Spain buses lose competition case against ride-sharing BlaBlaCar is not guilty of “unfair competition” as alleged by Spanish bus companies, a court ruled, in a first legal victory for the ridesharing firm which has run into problems in the country.


HE Spanish Confederation for Bus Transport (Confebus) had brought the case against the Frenchfounded company, which expanded to Spain in 2010 at the height of the economic crisis and has become hugely popular. It argued that BlaBlaCar was in effect providing the services of a transport company and that this was unfair competition as ride-sharing -- coupled with rail travel -- had contributed to a drop in the number of people travelling by coach. BlaBlaCar, though, insists it is not a transport firm but a social network that brings drivers and passengers together to share the costs of a trip, from which the firm takes a fee just like Airbnb does on each flat or house reservation. In a ruling last week, a Madrid court said it had not found evidence of any unfair competition. It argued that the drivers on the BlaBlaCar platform are not employed by the company, nor do they belong to another firm seeking to make a profit. “They are individuals who offer their services on the platform of their own accord and at their own risk, looking for people who

are interested in going on the same trip and paying,” it said. It concluded that these passengers were not paying any form of levy or service, but were merely paying for the cost of the trip. The court acknowledged that some people on the platform may try and make a profit out of offering trips, but added these cases appeared to be “exceptional” and were not what BlaBlaCar aimed to do. While Confebus can appeal the decision, this is nevertheless the first legal victory for the ride-sharing firm in Spain, where it has also been targeted by authorities in Madrid. The regional government there has threatened to fine BlaBlaCar and two drivers for “transporting passengers without a licence,” a first for the firm. It claims that the two drivers overcharged ride sharers by asking for more than just a proportional share of petrol and road tolls, while BlaBlaCar says both deny the charges. The group, which is now present in 22 countries and boasts more than 30 million users, has reported the case to the European Commission.

PROSECUTOR RECOMMENDS JAIL FOR FRENCH DEFENDER SPAIN’S public prosecutors have asked for a sevenmonth prison sentence to be handed down to Atletico Madrid’s French defender Lucas Hernandez. Hernandez, 20, was arrested after his girlfriend was taken to hospital with minor injuries following an altercation between the pair. Neither party made a complaint against the other but the public prosecutor has asked for both to be sentenced, with Hernandez’s partner facing a six month sanction. Even if convicted, neither will likely spend any time be-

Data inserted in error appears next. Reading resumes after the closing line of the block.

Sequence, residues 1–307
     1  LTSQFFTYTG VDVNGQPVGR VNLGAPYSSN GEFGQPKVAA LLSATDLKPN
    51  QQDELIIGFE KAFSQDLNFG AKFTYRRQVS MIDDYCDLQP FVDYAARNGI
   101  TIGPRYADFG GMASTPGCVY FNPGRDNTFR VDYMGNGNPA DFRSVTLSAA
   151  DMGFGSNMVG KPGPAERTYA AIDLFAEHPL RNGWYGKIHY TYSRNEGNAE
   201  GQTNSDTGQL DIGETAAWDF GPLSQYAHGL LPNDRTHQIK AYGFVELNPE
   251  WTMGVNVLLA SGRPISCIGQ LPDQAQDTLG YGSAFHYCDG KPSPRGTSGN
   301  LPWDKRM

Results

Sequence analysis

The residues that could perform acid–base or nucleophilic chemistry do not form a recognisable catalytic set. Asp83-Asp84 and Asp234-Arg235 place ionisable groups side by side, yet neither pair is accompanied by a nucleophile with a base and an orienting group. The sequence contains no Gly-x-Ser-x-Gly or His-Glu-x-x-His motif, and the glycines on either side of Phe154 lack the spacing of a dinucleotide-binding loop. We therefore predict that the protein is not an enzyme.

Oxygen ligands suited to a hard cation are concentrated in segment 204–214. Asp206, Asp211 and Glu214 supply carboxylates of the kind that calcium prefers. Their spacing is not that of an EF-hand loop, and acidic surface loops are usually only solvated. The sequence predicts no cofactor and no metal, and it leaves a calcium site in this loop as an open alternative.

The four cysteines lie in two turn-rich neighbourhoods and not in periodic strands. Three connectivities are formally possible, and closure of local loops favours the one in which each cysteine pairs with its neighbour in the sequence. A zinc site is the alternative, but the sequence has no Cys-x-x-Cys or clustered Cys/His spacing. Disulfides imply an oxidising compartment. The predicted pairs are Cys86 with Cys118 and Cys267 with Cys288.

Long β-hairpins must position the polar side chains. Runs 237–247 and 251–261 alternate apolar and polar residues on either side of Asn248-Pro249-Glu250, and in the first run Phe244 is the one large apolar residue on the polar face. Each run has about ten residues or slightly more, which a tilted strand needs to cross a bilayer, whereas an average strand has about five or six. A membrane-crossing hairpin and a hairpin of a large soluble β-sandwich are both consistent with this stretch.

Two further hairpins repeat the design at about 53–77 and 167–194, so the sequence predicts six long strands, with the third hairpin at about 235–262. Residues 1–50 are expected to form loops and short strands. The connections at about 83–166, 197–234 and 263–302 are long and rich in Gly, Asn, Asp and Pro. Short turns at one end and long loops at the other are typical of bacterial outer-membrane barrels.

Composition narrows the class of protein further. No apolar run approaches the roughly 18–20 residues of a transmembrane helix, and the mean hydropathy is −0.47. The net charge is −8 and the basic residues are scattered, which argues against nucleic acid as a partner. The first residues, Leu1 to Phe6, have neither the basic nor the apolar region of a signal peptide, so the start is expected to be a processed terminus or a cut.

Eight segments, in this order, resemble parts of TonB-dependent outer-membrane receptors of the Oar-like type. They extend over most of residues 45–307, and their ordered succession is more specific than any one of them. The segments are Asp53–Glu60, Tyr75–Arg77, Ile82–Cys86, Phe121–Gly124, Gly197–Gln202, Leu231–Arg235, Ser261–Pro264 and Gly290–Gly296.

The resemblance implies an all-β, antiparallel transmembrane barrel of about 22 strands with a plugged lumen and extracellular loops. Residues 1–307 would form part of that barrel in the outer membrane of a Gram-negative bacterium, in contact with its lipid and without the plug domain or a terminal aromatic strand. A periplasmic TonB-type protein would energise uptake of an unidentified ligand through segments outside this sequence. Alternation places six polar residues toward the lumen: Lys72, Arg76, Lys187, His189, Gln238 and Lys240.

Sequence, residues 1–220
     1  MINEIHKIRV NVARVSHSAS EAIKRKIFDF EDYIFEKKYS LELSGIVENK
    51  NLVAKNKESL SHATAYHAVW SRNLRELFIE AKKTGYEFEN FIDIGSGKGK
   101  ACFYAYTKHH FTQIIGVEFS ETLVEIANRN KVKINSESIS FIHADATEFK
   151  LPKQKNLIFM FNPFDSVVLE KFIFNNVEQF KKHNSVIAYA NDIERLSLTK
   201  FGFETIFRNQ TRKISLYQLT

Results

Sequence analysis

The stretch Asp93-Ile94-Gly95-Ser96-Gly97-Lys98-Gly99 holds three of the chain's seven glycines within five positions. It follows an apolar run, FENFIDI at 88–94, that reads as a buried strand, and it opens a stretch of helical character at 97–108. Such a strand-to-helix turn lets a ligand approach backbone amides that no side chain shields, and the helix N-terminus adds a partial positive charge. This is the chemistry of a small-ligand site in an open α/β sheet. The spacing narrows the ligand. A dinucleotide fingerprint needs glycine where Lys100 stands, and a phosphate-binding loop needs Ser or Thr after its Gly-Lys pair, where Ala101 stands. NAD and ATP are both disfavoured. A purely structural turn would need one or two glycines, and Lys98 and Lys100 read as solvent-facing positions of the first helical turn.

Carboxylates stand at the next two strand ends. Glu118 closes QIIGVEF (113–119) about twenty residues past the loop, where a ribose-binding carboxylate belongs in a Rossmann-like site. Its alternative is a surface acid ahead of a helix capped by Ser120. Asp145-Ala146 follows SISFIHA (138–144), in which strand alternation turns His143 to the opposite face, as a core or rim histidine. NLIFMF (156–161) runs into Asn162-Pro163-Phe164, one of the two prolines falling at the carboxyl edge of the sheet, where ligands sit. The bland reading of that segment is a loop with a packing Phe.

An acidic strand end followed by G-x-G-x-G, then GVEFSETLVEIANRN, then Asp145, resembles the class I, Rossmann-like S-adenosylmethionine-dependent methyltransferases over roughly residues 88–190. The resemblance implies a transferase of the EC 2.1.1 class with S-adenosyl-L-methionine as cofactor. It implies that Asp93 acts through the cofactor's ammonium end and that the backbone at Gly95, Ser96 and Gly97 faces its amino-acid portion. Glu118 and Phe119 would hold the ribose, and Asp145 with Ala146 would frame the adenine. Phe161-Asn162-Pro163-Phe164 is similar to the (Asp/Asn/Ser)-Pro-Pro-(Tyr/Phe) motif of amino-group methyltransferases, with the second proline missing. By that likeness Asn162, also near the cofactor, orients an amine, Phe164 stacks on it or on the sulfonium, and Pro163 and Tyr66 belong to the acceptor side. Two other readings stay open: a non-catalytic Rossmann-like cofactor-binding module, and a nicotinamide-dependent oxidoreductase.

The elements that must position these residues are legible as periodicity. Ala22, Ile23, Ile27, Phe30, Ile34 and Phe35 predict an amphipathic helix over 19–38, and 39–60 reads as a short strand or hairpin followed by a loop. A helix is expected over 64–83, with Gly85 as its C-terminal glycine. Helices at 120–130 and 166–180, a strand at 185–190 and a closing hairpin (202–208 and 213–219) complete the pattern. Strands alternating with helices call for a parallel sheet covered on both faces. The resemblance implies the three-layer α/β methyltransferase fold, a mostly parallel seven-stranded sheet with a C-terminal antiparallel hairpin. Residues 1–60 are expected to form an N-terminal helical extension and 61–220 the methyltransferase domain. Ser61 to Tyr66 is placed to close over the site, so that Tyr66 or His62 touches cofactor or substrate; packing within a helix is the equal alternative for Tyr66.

hind bars as sentences under two years are normally suspended for first-time offenders in Spain. “The public prosecutor accuses the Atletico Madrid defender of having committed a presumed act of domestic violence and causing light injuries,” said Madrid’s High Court in a statement. Pending their trial, the two have been banned from being within 500 metres of each other. Hernandez and his younger brother Theo, 19 and on loan from Atletico to Alaves, are both French youth internationals.

Issue 29 Feb 16 - Mar 01, 2017



Spanish dock workers stage strikes A LONG-RUNNING dispute between the government  and the country’s dock workers has resulted in a planned threeday strike next week. Spain’s trade unions plane to go on strike on Feb. 20, 22 and 24 across dozens of Spanish ports. The strike is in response to the governments planned reforms to the Spanish Port System the International Transport Workers’ Federation (ITF) informed and could result in more than 6,000 dock-workers losing their jobs and was called after the Spanish government announced plans to reform the sector that were unpopular with the unions. The overhaul would allow companies to hire their own personnel instead of unionized staff, who earn 70,000 euros per year on averPort of Cadiz


age according to a PriceWaterhouseCooper study. The reform is necessary to bring Spanish regulations into line with the rest of Europe as Spain has had to pay about 27,000 euros a day in fines since 2014 due to its failure to reform the system in accordance with European Union requirements, a government source said.

QUADRUPLE The fines could more than quadruple if the reforms are not implemented quickly as the EU punishes Spain for delays, the source said. However, unions say the planned reform rips up the rules that govern Spanish ports and protect workers. “The Spanish government is tearing up the rule book with a callous disregard for Spanish jobs, Spanish prestige and international conventions. Their plans are beyond belief,” a docker representative at the International Transport Workers’ Federation, Paddy Crumlin, said in a statement. Spain’s export sector is worth more than 330 billion euros ($352 billion) a year, or about a third of economic output. Some two thirds of those exports pass through the country’s ports. The strike will be especially painful for the automobile industry, given that Spain is the second largest car manufacturer in Europe. More than 80 percent of the approximately 7,800 vehicles produced every day are sent abroad